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Those Happy Days
by Bob Brooke


Everyone knows of “Happy Days,” the 1950s-era T.V. sitcom featuring a typical middle class family. The mother on that show, much like scores of other American housewives of the period, must have thought she had died and gone to housewares heaven with the advent of Melmac dinnerware. That was just one of the items that made her days truly happy because its durability made it ideal to use in homes with children.

History of Melmac
Initially discovered by William F. Talbot, an employee of American Cyanamid Corporation in the 1930s, melamine resin or melamine formaldehyde was a hard, thermosetting plastic material made from melamine and formaldehyde by polymerization. American Cyanimid nicknamed it Melmac.

During the 1930's the raw material "melamine" hit an all time low price. With heightening wartime threats and soon to be monetary constraints, American industrialists jumped on the bandwagon to make melamine into functional products for both commercial and household use. By the late 1940s, many factories used it to make dinnerware.

Dishes made of early plastics and Bakelite didn’t hold up well or withstand regular washings or heat, but American Cyanimid showed that its new "improved plastic" could indeed hold up well. While the company produced the resin, itself, it sold it to other manufacturers which molded it into dinnerware lines for both home and restaurant use.

One of the benefits of molders purchasing from American Cyanamid, was its advertising campaign for Melmac. Old Life magazines from the early 1950's showed Melmac as American Cyanamid’s wonder plastic. There were other manufacturers who would offer melamine powders for molding. If a molder were to purchase from a non-Cyanamid distributor, they couldn’t refer to their melamine dishes as "Melmac." This may be why some old ads for plastic dinnerware specifically said "Made of Melmac" and others said just melamine.

The actual material "melamine" was dirt cheap in the mid to late 1930's, and there was a push to use this new material for all kinds of things.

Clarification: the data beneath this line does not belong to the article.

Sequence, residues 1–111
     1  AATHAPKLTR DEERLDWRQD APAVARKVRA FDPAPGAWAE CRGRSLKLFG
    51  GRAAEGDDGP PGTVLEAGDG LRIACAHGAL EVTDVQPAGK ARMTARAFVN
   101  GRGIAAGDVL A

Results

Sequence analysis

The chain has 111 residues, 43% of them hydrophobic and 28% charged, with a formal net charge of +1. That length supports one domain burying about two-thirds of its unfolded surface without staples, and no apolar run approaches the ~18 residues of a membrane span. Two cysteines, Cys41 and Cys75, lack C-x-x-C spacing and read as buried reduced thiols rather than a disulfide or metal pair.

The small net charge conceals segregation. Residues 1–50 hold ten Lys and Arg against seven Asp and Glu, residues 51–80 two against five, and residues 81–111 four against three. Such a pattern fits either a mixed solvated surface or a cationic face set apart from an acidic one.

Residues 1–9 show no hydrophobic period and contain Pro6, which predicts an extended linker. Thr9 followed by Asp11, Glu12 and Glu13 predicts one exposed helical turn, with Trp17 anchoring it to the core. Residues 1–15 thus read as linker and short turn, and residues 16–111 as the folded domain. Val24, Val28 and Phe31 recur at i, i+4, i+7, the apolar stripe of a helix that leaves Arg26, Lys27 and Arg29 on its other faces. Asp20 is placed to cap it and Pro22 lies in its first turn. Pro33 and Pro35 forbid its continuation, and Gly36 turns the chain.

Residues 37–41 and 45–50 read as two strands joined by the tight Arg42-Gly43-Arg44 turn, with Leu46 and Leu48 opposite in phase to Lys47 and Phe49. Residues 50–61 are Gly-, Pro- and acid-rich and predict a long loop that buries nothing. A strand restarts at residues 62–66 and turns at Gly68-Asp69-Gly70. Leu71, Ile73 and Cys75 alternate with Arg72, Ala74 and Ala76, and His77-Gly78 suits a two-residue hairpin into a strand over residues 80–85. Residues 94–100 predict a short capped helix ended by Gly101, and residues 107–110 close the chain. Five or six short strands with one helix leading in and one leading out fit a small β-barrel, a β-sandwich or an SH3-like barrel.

Branchell of St. Louis MO made the terrific Color-Flyte and Royale lines as well as the brightly-colored Aztec line. Of special interest is their other Kaye LaMoyne design--an Asian design in black and cherry red with bamboo handles!

Later arrivals to the plastic dinnerware scene are the "space-age" Heller dinnerware designed by Massimo Vignelli and the stunning Ingrid (Chicago) dinnerware and drinkware.

Other manufacturers/lines that are of equally high-quality but apparently weren't distributed as widely include Spaulding Ware, Holiday and Debonaire by Kenro, Imperial Ware, Mallo-Ware and Watertown. There are also the terrific mid-century modern melmac lines designed by Russel Wright, Ben Seibel and Georges Briard. And Royal China Company, Oneida and Stetson, major pottery companies, also had divisions producing melamine dinnerware.

Prolon is only one of the many great lines produced by the Prophylactic Brush Company in Florence MA. The Florence and Beverly lines were perhaps the most popular for residential use, though today we seem to find more of the restaurant ware, both mottled and solid colors.

The Plastics Manufacturing Company of Dallas, Texas, produced Texas Ware, Dallas Ware, Oblique, SRO and Elan. The Boonton Molding Company of Boonton, New Jersey, offered Boontonware, Patrician and Somerset. International Molded Products in Cleveland, Ohio, produced Brookpark/Arrowhead Modern Design and Desert Flower lines designed by Joan Luntz. And the Prophylactic Brush Company of Florence, Massachusetts, made Prolon. Its Florence and Beverly lines were the most popular for home use.

Uses of Melmac
During the late 1950s and 1960s Melmac dinnerware found its way into just about every American home. However, the tendency of melamine cups and plates to stain and scratch led sales to decline in the late 1960s, and eventually it became largely limited to the camping and nursery markets.

One of the main attributes of Melmac is its durability. The lightweight plastic construction holds up very well, although the surface of Melmac dishes do tend to scratch with relative ease. Households with children found Melmac to be ideal for use at informal family dinners as well as with cookouts in the back yard.

Manufacturers used Melmac for just about any type of dinnerware, including plates, cups and saucers, serving pieces, and glasses. Manufacturers could add any type of color pigment to the resin during the molding process. As a result, they created it in a variety of colors and patterns. Muted colors, such as pea green and seafoam appeared in the late 1950’s, and during the late 1960s, makers experimented with interesting color combinations to complement the psychedelic look of the time.

Along with Melmac’s use in the home, schools used it for trays in their cafeterias. Utilizing a round or rectangular design, Melmac trays were often divided into sections that made it possible to easily place each entrée, vegetable, and dessert into place while going through the line. Many designs even included a slot that was ideal for the placement of a half-pint of milk or a coffee cup.

But by the end of the 1970s, Melmac had declined in popularity.

Today, collectors can find vintage Melmac in thrift stores, at estate sales, online auction sites, and garage sales. It's fun to collect it and due to it's long production, it’s easy to make a whole set. Some Melmac pieces are worth more in value than others. Full sets in pinks or blues are generally priced higher. Though you may have a problem finding full sets, you can start collecting it inexpensively by piecing sets together.

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